abstract = "Multiple subunits of the hepatitis B virus (HBV) core protein (HBc) assemble into an icosahedral capsid that packages the viral pregenomic RNA (pgRNA). The N-terminal domain (NTD) of HBc is sufficient for capsid assembly, in the absence of pgRNA or any other viral or host factors, under conditions of high HBc and/or salt concentrations. The C-terminal domain (CTD) is deemed dispensable for capsid assembly although it is essential for pgRNA packaging. We report here that HBc expressed in a mammalian cell lysate, rabbit reticulocyte lysate (RRL), was able to assemble into capsids when (low-nanomolar) HBc concentrations mimicked those achieved under conditions of viral replication in vivo and were far below those used previously for capsid assembly in vitro. Furthermore, at physiologically low HBc concentrations in RRL, the NTD was insufficient for capsid assembly and the CTD was also required. The CTD likely facilitated assembly under these conditions via RNA binding and protein-protein interactions. Moreover, the CTD underwent phosphorylation and dephosphorylation events in RRL similar to those seen in vivo which regulated capsid assembly. Importantly, the NTD alone also failed to accumulate in mammalian cells, likely resulting from its failure to assemble efficiently. Coexpression of the full-length HBc rescued NTD assembly in RRL as well as NTD expression and assembly in mammalian cells, resulting in the formation of mosaic capsids containing both full-length HBc and the NTD. These results have important implications for HBV assembly during replication and provide a facile cell-free system to study capsid assembly under physiologically relevant conditions, including its modulation by host factors.",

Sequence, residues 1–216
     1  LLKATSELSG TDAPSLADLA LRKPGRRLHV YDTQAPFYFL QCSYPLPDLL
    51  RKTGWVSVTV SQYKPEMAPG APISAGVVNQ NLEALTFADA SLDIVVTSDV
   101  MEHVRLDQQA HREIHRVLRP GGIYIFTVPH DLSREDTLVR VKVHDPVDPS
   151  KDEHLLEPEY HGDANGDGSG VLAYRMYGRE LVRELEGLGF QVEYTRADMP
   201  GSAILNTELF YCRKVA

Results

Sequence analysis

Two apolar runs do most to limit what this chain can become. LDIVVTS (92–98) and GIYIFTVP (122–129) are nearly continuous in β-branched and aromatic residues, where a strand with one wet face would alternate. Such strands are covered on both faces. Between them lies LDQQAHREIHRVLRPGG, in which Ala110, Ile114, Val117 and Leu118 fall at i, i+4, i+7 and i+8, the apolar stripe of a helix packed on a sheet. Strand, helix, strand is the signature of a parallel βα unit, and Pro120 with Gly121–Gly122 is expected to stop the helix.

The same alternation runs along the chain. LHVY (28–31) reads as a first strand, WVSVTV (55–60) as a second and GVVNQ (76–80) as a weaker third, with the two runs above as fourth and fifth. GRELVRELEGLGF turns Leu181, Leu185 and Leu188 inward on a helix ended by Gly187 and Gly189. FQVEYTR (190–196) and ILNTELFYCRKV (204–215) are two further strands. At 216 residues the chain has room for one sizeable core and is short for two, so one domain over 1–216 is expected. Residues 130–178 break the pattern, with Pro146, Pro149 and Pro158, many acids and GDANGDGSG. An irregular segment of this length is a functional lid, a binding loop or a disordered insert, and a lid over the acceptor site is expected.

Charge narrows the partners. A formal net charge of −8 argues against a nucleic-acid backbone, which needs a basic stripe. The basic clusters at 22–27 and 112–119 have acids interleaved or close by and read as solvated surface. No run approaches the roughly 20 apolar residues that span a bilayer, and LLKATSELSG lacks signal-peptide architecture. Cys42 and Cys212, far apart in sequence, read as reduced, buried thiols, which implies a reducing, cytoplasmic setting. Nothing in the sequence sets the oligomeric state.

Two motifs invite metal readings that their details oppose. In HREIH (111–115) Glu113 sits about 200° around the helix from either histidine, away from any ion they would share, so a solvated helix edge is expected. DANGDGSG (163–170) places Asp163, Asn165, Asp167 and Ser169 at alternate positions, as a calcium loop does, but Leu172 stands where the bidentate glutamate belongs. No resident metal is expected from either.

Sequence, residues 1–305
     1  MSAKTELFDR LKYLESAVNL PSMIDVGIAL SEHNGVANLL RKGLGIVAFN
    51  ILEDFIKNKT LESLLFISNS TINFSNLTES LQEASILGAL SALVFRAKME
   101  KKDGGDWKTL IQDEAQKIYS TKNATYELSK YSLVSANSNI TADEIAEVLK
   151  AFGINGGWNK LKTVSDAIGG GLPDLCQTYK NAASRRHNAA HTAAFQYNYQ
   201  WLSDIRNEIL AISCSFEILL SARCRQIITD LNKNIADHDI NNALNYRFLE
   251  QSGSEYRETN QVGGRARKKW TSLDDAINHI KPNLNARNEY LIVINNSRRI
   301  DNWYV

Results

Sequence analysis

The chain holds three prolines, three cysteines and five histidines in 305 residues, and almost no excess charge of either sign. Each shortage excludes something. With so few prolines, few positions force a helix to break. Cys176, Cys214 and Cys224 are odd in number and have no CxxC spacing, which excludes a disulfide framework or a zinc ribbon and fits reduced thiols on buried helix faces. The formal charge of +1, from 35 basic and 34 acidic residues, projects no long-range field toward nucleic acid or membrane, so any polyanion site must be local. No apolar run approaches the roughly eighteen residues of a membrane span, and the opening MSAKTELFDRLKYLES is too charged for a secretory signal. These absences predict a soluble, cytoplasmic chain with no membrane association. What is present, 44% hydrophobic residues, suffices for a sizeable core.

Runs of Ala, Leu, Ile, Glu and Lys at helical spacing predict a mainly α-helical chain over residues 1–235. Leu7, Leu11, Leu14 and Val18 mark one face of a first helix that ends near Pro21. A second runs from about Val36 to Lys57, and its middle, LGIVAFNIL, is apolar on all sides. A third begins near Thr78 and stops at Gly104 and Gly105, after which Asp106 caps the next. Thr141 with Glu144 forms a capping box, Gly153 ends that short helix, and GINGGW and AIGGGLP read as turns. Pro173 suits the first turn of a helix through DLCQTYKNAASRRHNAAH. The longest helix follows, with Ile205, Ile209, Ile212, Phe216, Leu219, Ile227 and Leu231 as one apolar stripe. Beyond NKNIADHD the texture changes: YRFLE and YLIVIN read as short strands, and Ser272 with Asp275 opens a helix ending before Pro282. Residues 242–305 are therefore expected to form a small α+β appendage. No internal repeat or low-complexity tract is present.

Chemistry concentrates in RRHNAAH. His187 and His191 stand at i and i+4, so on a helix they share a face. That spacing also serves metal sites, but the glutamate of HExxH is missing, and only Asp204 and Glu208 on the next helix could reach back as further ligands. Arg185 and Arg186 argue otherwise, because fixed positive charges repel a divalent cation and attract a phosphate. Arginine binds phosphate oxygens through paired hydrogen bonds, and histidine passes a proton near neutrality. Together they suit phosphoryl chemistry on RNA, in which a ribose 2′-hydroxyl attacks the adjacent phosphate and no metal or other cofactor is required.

author = "Laurie Ludgate and Kuancheng Liu and Laurie Luckenbaugh and Nicholas Streck and Stacey Eng and Christian Voitenleitner and Delaney, {William E.} and Jianming Hu",
year = "2016",
month = "6",
day = "1",
doi = "10.1128/JVI.00394-16",
language = "English (US)",
volume = "90",
pages = "5830--5844",
journal = "Journal of Virology",
issn = "0022-538X",
publisher = "American Society for Microbiology",
number = "12",

}

Ludgate, L, Liu, K, Luckenbaugh, L, Streck, N, Eng, S, Voitenleitner, C, Delaney, WE & Hu, J 2016, 'Cell-free hepatitis B virus capsid assembly dependent on the core protein C-terminal domain and regulated by phosphorylation', Journal of virology, vol. 90, no. 12, pp. 5830-5844. https://doi.org/10.1128/JVI.00394-16

Cell-free hepatitis B virus capsid assembly dependent on the core protein C-terminal domain and regulated by phosphorylation. / Ludgate, Laurie; Liu, Kuancheng; Luckenbaugh, Laurie; Streck, Nicholas; Eng, Stacey; Voitenleitner, Christian; Delaney, William E.; Hu, Jianming.

In: Journal of virology, Vol. 90, No. 12, 01.06.2016, p. 5830-5844.

Research output: Contribution to journalArticle

TY - JOUR

T1 - Cell-free hepatitis B virus capsid assembly dependent on the core protein C-terminal domain and regulated by phosphorylation

AU - Ludgate, Laurie

AU - Liu, Kuancheng

AU - Luckenbaugh, Laurie

AU - Streck, Nicholas

AU - Eng, Stacey

AU - Voitenleitner, Christian

AU - Delaney, William E.

AU - Hu, Jianming

PY - 2016/6/1

Y1 - 2016/6/1